Revolutionary Disaster Mapping Tool wins International Sustainability Award
The first 24 to 72 hours after a disaster are the most crucial, but it isn’t just how much time you have to assess damage - it’s also how you assess it.
Developed as part of the response to the Canterbury Earthquake Sequence - a series of major earthquakes that hit Christchurch and surrounding areas over an 18 month period between 2010-2011 - Tonkin + Taylor's Rapid Damage Mapping tool (RDM) uses LiDAR, satellite images, and other Earth observational , to gather integrated initial damage mapping within that first post-disaster period, which is fundamental in aiding an efficient, effective disaster response and recovery.
It’s also key in informing humanitarian response like with the case of Tropical Cyclone Gita in Tonga, where RDM information helped direct aid to ensure that all people and communities affected gained access to food, healthcare, water, and other important utilities as quickly as possible.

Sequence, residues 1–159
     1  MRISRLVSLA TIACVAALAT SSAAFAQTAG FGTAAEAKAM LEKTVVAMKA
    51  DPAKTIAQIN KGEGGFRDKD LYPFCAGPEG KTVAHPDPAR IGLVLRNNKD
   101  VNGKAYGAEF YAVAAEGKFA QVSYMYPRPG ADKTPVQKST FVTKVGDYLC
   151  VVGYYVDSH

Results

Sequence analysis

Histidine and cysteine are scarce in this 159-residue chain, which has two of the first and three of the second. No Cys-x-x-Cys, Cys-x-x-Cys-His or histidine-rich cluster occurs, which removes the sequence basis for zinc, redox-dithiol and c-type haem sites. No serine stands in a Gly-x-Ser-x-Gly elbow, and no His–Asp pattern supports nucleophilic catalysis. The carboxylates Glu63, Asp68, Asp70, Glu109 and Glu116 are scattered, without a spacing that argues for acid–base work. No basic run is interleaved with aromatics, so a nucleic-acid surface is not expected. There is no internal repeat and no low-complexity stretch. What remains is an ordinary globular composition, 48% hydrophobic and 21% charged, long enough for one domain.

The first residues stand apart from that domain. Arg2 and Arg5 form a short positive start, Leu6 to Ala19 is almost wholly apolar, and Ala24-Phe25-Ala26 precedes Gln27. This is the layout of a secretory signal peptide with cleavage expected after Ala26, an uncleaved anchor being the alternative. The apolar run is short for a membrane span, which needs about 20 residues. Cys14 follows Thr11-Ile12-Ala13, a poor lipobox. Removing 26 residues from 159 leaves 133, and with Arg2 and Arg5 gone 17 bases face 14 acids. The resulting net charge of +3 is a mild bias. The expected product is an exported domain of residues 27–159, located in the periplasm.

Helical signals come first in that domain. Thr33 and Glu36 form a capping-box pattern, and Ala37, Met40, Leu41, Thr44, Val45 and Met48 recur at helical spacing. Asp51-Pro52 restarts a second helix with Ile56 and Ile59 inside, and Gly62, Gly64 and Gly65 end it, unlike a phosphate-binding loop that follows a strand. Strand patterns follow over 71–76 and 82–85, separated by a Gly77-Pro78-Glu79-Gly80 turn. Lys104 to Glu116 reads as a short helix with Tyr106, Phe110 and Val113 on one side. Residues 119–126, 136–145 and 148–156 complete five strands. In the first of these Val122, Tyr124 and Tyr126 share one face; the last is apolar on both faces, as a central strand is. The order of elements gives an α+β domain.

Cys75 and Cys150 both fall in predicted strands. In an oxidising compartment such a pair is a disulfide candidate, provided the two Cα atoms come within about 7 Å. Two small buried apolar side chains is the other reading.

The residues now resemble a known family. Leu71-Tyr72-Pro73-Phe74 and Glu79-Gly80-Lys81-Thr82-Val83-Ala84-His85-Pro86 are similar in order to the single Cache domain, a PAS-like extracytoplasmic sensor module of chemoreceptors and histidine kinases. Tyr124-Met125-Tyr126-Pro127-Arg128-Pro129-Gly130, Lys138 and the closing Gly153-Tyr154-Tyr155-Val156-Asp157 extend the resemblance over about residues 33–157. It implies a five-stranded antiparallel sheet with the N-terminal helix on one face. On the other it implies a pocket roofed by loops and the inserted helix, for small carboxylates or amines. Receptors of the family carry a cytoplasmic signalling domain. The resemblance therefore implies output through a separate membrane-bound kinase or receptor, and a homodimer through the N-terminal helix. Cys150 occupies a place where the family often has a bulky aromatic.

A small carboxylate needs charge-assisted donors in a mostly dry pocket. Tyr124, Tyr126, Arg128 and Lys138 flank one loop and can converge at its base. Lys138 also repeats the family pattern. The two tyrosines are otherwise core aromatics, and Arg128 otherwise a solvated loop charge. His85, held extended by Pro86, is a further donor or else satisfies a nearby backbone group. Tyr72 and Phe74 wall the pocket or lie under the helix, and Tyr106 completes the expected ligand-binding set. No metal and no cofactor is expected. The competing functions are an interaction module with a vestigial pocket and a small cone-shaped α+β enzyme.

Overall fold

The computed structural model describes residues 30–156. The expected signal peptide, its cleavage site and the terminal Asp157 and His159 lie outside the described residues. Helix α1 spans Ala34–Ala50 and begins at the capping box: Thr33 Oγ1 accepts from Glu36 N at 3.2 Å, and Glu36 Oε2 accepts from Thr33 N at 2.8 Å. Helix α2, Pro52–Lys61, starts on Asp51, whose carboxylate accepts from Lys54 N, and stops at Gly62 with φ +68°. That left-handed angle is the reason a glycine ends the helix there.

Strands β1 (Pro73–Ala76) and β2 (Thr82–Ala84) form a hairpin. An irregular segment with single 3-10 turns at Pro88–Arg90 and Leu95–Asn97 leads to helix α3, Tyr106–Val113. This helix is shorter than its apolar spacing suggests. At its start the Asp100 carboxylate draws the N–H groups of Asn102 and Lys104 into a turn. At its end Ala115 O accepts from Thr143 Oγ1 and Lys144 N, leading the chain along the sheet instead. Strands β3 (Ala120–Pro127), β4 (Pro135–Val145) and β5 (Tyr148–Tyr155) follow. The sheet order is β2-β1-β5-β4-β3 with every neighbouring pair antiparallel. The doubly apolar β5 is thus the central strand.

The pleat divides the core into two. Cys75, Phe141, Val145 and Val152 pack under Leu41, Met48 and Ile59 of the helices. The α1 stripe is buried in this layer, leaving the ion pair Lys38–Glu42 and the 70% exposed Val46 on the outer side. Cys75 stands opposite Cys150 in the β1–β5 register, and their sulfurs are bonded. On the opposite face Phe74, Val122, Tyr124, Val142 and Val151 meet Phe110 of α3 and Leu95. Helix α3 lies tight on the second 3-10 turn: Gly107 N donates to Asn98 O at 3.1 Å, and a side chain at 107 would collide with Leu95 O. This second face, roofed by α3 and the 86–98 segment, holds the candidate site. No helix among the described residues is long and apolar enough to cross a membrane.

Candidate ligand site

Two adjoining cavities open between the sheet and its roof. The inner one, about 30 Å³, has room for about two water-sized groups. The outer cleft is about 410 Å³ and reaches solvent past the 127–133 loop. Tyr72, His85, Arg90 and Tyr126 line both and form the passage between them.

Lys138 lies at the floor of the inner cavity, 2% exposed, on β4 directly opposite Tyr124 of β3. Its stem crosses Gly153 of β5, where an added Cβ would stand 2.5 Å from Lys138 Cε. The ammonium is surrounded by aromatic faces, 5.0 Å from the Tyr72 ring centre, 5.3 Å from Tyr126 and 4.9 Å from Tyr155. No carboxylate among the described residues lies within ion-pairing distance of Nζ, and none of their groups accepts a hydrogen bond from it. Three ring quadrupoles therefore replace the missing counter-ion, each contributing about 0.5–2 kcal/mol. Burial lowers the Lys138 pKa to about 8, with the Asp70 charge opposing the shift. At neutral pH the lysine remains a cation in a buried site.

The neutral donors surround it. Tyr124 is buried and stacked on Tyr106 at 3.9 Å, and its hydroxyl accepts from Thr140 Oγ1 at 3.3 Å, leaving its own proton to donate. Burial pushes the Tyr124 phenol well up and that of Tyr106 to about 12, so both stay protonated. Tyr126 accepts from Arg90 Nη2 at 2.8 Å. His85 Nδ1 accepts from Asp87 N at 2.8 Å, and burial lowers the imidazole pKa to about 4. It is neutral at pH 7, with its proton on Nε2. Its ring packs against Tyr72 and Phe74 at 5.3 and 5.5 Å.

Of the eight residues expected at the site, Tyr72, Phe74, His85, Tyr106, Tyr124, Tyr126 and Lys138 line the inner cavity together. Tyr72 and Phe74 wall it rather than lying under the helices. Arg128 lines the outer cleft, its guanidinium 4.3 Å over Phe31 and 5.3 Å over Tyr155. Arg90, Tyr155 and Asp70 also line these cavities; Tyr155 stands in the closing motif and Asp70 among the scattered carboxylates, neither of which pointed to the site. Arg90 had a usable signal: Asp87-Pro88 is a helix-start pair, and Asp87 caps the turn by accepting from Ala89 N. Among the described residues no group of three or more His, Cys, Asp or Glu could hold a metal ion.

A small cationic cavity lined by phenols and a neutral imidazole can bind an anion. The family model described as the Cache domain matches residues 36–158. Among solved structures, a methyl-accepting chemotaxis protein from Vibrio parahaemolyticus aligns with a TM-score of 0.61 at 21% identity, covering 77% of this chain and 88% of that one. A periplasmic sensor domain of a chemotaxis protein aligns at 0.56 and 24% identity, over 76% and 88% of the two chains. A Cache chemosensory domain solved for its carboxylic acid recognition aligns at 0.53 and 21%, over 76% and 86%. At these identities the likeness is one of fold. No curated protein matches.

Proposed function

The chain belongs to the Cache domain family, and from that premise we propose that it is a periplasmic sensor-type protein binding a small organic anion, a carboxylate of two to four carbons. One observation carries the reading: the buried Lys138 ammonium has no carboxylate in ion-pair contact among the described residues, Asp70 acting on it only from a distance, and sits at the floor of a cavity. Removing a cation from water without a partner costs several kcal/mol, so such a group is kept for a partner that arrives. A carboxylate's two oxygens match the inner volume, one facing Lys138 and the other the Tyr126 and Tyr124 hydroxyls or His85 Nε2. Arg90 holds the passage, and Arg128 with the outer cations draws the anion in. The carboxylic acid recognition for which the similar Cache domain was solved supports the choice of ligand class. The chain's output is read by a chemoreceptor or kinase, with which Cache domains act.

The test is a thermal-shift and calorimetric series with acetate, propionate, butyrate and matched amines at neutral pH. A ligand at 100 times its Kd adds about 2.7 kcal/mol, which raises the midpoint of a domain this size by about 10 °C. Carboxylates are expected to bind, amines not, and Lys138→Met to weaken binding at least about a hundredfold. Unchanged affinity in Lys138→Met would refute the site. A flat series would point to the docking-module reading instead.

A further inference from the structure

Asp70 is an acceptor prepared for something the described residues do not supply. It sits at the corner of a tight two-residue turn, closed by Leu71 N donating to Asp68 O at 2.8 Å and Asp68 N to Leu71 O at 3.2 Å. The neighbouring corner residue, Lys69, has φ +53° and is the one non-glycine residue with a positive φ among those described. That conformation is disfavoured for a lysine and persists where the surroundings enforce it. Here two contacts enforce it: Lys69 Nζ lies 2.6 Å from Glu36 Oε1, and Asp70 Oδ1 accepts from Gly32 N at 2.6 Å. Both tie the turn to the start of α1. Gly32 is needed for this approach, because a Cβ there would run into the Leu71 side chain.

We’re thrilled to share that T+T, along with the CODATA Task Group on FAIR Data for Disaster Risk Research, has won a 2020 GEO SDG Award in support of UN Sustainable Development Goal 11 for our work on the Rapid Damage Mapping tool.
Along with the disaster response to the Kaikōura Earthquake in New Zealand and Cyclone Gita in Tonga, RDM mapping has supported recovery efforts in the wake of Tropical Cyclone Winston in Fiji, Tropical Cyclones Idai and Kenneth in Mozambique, and the Sulawesi earthquake and tsunami in Indonesia.
It's been a collaborative effort in developing this truly lifesaving tool and we’d like to thank the Earthquake Commission (EQC), the World Food Programme (WFP), the Council for International Development (CID), CODATA, ChinaGEOSS, RADI and DFAT Australia and MFAT NZ for their support.